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A short list of stuff you might not know about psychedelic, scatological, avant-garde, Texan, punk rock reprobates and legends, Butthole Surfers….

  1. Gibby Haynes graduated from Trinity University, San Antonio with an economics degree and having been named ‘Accountant of the Year’.
  2. After graduating, Gibby and his friend Paul Leary published a fanzine called Strange V.D. which featured gruesome photographs of medical conditions captioned with fictitious diseases, like ‘taco leg’.
  3. Gibby printed Strange V.D. at work in his graduate job at a prestigious accountancy firm. He left this job shortly after inadvertently leaving a photo of some infected genitalia to be found on a photocopier.
  4. Haynes and Leary’s next move was to Venice, Southern California where they attempted to make a living producing and selling Lee Harvey Oswald T-shirts. When this venture, surprisingly, didn’t work out, they decided to start a band.
  5. They originally changed the band’s name for every performance before Butthole Surfers stuck. Other names they used included Nine Inch Worm Makes Own Food, Vodka Family Winstons, Ahstray Babyheads and the Inalienable Right To Eat Fred Astaire’s Asshole.bhs 2
  6. In their heyday, the band toured with their pet pit bull who was named after Mark Farner of Grand Funk Railroad. She was called Mark Farner of Grand Funk Railroad.
  7. The backwards fiddle on Creep In The Cellar is an accident. When recording their second album, Rembrandt Pussyhorse, the studio used an old tape which had previously been used by a country band and hadn’t been wiped. When the Surfers heard it, they decided to keep it that way.
  8. In The Simpsons episode Hurricane Neddy, Ned Flanders’s son Todd wears a Butthole Surfers T-shirt donated to the family when they lose all their possessions.todd flanders
  9. The band also featured on Beavis & Butthead twice, with the videos for Who Was In My Room Last Night and Dust Devil, both from the album Independent Worm Saloon. The boys are big fans.
  10. The band’s stage shows were infamous, featuring, flaming cymbals, nudity, multiple strobes, fake blood, a ‘piss wand’ and video projections. The most famous film they used featured a man undergoing penile reconstruction surgery following a farm accident. They would sometimes play this backwards.
  11. The sleeve for the album Locust Abortion Technician was designed by Arthur Sarnoff, the artist most famous for his paintings of dogs playing pool.
  12. Drummer Teresa Nervosa appeared in the 1991 Richard Linklater film Slacker. She’s the character on the street trying to sell Madonna’s pap smear.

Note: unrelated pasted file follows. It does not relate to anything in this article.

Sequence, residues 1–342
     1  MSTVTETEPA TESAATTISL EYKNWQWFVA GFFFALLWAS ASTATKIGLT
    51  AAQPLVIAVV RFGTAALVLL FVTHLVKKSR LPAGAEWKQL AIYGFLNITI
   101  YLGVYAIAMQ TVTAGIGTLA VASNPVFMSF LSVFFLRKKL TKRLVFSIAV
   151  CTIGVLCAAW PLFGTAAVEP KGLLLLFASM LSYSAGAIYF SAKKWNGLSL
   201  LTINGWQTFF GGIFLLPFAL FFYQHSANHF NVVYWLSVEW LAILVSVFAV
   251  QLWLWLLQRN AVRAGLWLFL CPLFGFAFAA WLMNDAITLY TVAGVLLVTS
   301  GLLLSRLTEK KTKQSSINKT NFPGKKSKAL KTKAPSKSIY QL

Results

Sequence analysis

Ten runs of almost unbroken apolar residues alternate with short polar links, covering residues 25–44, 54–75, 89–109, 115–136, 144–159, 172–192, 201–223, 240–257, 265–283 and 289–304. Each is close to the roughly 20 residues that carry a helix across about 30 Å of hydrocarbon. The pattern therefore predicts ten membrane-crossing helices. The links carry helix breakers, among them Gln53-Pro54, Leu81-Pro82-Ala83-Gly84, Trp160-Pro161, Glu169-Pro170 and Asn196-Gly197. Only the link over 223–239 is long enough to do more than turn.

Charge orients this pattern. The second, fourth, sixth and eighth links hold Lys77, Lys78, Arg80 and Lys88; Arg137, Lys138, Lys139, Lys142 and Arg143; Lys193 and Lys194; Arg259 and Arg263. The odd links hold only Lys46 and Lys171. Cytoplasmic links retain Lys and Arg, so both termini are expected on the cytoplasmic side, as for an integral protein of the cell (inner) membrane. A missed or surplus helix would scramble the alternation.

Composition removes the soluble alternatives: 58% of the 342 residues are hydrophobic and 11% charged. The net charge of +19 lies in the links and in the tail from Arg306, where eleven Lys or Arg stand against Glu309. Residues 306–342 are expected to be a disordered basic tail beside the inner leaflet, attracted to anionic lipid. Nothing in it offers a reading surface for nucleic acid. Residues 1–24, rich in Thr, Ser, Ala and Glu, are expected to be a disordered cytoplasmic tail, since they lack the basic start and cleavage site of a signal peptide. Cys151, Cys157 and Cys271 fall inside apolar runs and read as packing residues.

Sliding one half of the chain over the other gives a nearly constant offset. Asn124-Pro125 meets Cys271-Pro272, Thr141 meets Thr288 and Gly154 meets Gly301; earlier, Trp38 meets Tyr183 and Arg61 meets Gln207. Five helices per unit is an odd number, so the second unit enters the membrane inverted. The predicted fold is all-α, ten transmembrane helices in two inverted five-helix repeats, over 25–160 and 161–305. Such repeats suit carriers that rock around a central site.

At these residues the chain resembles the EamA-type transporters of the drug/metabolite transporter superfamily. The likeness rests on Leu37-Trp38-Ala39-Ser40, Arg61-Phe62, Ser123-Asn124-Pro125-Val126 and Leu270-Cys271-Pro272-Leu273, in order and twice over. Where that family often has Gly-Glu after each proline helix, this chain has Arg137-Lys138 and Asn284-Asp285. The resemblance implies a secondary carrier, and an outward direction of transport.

Magnificent Cover Version No.8 – Butthole Surfers covering ‘Hurdy Gurdy Man’ by Donovan

Magnificent Cover Version No.17, ‘The Model’ by Kraftwerk covered by Big Black

 

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Magnificent Cover Version No.6 – (I’m Not Your) ‘Steppin’ Stone’ by The Monkees, covered by Minor Threat

(I’m Not Your) ‘Steppin’ Stone’ by The Monkees, covered by Minor Threat

Minor Threat In My Eyes EP

Minor Threat doing (I’m Not Your) Steppin’ StoneOh yes! Every version of this song is fucking great! You just can’t go wrong with that E, G, A, C chord progression. Sex Pistols did a very solid take on it and The Farm’s baggy reimagining is well worth a listen too. Minor Threat’s version is the best though.

It turns out it’s not a Monkees’ song after all – who knew? They made it famous but it was originally by Paul Revere & The Raiders.

From this point I’ve decided that another rule for the Magnificent Cover Versions list would be that the original version is properly credited to the original performer – not to someone who’d performed another cover version. It’s important to have arbitrary standards that will become a pain in the arse before long.

I like The Monkees (not as much as Marge Simpson likes them, maybe), but I do like them a lot and I’m not afraid to admit it. Whether they wrote them and/or played them or not, they had some great songs, their TV show was awesome and I particularly love the fact that Mike Nesmith’s mum invented Liquid Paper/Tipp-Ex.

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The Monkees’ version of Steppin’ Stone is a typical slice of their acceptably psychedelic bubble-gum pop, with Hammond organs, hand-claps, harmonies, tambourines and an uncharacteristically bitter sounding vocal from Micky Dolenz. Like most of The Monkees’ output, it’s bouncy, hippie-ish fun.